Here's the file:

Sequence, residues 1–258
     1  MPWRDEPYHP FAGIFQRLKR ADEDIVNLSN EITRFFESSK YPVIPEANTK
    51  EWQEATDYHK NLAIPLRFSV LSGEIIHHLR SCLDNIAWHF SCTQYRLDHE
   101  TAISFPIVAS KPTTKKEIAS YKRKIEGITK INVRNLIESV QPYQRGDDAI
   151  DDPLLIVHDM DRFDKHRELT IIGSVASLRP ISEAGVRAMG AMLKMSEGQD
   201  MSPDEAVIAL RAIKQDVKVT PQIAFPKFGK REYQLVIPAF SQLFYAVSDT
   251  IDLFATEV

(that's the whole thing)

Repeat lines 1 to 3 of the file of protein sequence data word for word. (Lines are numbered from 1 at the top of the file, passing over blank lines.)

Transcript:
Sequence, residues 1–258
     1  MPWRDEPYHP FAGIFQRLKR ADEDIVNLSN EITRFFESSK YPVIPEANTK
    51  EWQEATDYHK NLAIPLRFSV LSGEIIHHLR SCLDNIAWHF SCTQYRLDHE